1.  Police it, either directly or by shutting down access to search terms and sites known to host leagues (see ESPN for a big volume player);

2.  Embrace it, and run a contest (don't think you want to embrace betting on this type of thing, unless you are a HR pro in Vegas?), maybe with some prize money going to the non-profit of the winner's choice; or

3.  Ignore it and let nature run its course (which is what most people will do).

Many of you won't have a choice since you work for large employers who won't touch this with a ten foot goal pole.  As for me, with my Midwestern roots, my league team is aptly named "Mike Martz Will Destroy You All", a shout out to the glory days with Kurt Warner and the Rams.  Not a warm and fuzzy HR-friendly name, but it will do....


Michael Moore

Analyzing "productivity loss" by extrapolating some huge number of lost hours attributed to some minor workplace dalliance is a real red herring. It can be used to criticize almost anything. Think about how many nonproductive activities can be aggregated to take up an hour a week (12 minutes a day). Rip out the coffee maker its costing us $1.1 billion in lost productivity.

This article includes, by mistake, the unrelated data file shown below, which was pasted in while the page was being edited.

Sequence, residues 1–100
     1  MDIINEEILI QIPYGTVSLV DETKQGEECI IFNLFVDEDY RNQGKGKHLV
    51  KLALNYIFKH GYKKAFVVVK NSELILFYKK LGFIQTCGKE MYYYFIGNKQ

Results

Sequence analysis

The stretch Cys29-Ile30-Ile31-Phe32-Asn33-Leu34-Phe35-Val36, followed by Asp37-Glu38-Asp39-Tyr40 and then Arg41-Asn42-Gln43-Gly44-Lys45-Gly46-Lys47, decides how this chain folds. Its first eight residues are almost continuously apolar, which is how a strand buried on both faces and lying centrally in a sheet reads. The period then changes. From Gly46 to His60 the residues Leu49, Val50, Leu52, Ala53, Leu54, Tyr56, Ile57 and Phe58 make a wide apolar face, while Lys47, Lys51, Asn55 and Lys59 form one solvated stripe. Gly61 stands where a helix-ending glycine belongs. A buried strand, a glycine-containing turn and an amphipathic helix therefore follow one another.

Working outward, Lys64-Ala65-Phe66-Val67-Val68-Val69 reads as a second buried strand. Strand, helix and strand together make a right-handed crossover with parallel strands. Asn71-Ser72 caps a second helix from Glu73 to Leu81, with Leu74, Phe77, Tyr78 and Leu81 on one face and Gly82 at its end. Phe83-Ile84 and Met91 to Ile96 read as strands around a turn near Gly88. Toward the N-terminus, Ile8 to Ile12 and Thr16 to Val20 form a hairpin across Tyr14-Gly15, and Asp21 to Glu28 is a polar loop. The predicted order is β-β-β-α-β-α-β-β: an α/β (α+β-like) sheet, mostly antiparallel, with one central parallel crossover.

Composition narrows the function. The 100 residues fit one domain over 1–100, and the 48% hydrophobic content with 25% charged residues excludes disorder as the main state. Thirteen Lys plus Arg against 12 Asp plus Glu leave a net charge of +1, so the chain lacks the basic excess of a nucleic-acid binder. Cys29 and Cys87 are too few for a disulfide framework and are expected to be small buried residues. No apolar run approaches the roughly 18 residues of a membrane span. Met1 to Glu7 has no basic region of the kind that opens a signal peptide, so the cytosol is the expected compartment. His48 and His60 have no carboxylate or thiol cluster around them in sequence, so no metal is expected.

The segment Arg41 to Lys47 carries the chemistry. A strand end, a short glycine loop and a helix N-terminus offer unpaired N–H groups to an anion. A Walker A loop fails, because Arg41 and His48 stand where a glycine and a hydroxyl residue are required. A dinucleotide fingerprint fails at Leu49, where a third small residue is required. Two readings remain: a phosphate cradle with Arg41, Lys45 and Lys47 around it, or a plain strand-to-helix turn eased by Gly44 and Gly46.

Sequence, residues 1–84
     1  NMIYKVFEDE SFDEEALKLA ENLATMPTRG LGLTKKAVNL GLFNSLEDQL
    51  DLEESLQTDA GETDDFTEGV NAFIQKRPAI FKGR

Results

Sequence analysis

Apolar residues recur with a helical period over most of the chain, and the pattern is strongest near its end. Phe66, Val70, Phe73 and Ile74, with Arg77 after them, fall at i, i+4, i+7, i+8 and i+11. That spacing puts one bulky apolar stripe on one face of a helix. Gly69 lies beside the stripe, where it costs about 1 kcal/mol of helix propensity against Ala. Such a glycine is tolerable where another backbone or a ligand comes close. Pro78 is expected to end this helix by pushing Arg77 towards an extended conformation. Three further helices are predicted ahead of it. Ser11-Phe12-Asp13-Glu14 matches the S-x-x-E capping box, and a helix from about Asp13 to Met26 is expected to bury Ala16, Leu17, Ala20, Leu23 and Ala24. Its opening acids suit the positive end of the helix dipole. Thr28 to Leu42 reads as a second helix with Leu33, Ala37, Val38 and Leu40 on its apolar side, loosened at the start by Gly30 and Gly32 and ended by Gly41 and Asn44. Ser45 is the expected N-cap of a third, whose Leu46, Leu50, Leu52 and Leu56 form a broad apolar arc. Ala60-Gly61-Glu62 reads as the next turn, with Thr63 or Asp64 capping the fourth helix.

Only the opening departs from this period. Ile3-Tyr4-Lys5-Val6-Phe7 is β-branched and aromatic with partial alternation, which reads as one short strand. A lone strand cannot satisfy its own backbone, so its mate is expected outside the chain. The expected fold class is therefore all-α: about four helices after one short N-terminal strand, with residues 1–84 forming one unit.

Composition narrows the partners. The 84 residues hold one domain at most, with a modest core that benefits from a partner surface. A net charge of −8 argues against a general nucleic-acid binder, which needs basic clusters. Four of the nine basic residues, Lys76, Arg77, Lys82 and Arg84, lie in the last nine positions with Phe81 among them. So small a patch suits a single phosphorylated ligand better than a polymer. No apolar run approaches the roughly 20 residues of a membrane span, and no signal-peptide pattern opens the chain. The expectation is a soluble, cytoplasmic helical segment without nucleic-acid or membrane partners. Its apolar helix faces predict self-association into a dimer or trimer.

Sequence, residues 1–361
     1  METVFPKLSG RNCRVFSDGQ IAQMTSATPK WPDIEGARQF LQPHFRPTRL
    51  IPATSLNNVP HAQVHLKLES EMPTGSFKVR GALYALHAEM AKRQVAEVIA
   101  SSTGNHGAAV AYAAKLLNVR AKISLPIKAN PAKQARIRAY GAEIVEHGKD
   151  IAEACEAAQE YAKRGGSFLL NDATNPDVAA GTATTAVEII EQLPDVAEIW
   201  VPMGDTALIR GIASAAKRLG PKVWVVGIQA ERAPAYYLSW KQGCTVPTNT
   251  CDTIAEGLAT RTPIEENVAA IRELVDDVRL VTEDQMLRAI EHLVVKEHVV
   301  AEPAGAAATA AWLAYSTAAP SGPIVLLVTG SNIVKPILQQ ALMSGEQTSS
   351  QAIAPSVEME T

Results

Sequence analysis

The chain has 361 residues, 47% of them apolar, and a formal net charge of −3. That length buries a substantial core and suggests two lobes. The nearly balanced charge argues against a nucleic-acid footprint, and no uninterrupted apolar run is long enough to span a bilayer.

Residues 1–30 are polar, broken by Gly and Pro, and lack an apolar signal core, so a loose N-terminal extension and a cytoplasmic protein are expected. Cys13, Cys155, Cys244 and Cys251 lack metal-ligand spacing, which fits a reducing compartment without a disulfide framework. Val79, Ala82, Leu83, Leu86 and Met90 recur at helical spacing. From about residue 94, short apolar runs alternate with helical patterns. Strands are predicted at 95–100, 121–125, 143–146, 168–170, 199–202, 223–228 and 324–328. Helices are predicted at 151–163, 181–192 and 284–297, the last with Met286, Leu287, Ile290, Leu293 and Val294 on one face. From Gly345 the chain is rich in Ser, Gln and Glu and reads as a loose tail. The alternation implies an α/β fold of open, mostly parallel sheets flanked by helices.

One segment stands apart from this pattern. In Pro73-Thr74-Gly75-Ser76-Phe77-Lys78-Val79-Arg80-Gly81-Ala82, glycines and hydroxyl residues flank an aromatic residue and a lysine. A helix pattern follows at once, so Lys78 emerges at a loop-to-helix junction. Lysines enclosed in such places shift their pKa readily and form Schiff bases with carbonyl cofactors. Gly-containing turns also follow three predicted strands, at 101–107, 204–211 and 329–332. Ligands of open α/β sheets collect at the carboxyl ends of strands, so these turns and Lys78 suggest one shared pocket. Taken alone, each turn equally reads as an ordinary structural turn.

This type of analysis appeals to employers who aren't comfortable addressing the individual abuses and feel they need to adopt a company policy to correct the obvious performance deficiencies of one person. Spending 2 hours a day on E-bay is not the same as an hour a week on Fantasy Football. So don't adopt a policy that prohibits personal internet use unless you are willing to police it and discipline both major and minor infractions.

Legally, I much prefer defending a rational disciplinary action based on failure to meet performance standards than one based on a minor policy violation. It's easy to distinguish an employee who is not performing even if they are both are surfing the internet. The nonperforming employee's argument that the performing employee is using the internet too is a red herring.

P.S. I have a killer line-up in my Fantasy League.